4. Floating model: Try placing your model in the water and shooting first on the surface and then from above. If the water is calm, shooting on the water will give you beautiful, mirror-like reflections.
  5. Reflections: Generally, watch for reflections and mirroring in the water. This has great potential for very unique photographs, whether it’s reflections of your model’s face or the entire figure.
  6. Completely submerge your model: Try shooting your model as they puts their face just a few centimeters under the surface. You obviously stay above the surface with your camera, but the model completely submerged looks stunning. Your model needs to be able to last a few moments underwater for the water to stop rippling.
Water Portraits Without the High-Tech Equipment
An underwater sleeping demon. Nikon Z6II, Nikkor 50mm f1.4, 1/100s, F3.5, ISO 250, 50mm

There are plenty more options when it comes to water photography. These are the basics for getting started. Don’t be afraid to manipulate the water, splash it around, pour water on your model, or stir it up. Keep your camera at a safe distance and look forward to some fantastic shots!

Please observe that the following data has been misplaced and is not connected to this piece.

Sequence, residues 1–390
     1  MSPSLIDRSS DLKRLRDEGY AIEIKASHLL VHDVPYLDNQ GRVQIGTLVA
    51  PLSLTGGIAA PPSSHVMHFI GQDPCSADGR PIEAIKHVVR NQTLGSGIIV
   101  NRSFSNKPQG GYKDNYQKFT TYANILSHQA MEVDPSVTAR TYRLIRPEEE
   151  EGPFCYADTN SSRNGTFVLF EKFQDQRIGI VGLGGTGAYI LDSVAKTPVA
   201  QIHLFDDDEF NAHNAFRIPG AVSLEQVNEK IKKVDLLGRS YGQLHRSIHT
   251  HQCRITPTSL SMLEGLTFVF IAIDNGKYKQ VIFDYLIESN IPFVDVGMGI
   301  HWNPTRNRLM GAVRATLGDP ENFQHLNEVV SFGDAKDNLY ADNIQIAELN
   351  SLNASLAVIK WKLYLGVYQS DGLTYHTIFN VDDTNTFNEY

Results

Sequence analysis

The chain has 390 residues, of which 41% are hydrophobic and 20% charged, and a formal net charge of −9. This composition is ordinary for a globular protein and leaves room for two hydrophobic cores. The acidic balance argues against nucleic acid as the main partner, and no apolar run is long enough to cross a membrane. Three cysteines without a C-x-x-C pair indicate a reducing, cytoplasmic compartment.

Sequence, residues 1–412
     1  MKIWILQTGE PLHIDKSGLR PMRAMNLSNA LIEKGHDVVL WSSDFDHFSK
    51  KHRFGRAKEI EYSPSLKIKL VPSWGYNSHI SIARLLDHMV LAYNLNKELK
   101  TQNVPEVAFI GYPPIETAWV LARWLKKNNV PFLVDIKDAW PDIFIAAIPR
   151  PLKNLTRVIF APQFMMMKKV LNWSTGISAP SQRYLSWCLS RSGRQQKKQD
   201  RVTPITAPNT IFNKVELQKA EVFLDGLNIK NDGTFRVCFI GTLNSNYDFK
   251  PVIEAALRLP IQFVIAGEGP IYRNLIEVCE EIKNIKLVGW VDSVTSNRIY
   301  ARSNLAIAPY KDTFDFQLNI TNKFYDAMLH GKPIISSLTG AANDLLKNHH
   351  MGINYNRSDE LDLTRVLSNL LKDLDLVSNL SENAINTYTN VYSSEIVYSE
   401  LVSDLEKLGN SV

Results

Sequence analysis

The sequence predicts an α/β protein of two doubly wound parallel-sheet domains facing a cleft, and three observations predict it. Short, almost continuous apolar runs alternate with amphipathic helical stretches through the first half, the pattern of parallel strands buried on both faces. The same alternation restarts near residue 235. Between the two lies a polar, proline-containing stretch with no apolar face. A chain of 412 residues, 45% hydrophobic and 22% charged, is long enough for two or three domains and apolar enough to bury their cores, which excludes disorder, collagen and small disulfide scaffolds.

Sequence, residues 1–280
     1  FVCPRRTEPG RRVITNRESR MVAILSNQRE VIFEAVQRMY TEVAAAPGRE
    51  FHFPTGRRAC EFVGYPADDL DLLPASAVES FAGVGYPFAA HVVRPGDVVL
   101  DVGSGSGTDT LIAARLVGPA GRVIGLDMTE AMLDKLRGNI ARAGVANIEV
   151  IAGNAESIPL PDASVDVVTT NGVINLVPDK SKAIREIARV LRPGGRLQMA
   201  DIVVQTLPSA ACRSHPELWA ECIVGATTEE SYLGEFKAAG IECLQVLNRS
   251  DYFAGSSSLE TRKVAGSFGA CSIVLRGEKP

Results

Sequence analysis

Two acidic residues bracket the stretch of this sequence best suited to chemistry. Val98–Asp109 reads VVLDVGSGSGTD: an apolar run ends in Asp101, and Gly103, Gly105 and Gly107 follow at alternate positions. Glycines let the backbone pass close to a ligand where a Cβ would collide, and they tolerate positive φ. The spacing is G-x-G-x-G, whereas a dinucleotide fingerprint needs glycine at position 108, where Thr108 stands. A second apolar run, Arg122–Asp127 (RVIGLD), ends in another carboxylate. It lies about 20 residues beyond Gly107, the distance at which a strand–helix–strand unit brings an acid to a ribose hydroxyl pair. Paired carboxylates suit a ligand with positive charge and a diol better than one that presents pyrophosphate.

Water Portraits Without the High-Tech Equipment
Excalibur. Nikon Z6II, Nikkor 50mm f1.4, 1/125s, F1.8, ISO 800, 50mm

Receive our weekly newsletter to stay on top of the latest photography trends

Subscribe to receive the best learn.zoner.com has to offer

Invalid email

By confirming the subscription, you consent to the processing of your personal data for receiving newsletter. Learn more in our privacy policy.

AuthorVit Kovalcik

I’ve been a freelancer since early 2012; photography is my living. I acquired my photography experience, both inside and outside the studio, during the previous years—when I was working all day and taking pictures every evening and weekend. I don’t have just one clearly defined topic; I like photographing people, but also cityscapes and landscapes.

Comments (0)

There are no comments yet.

Leave a Reply

Your email address will not be published. Required fields are marked *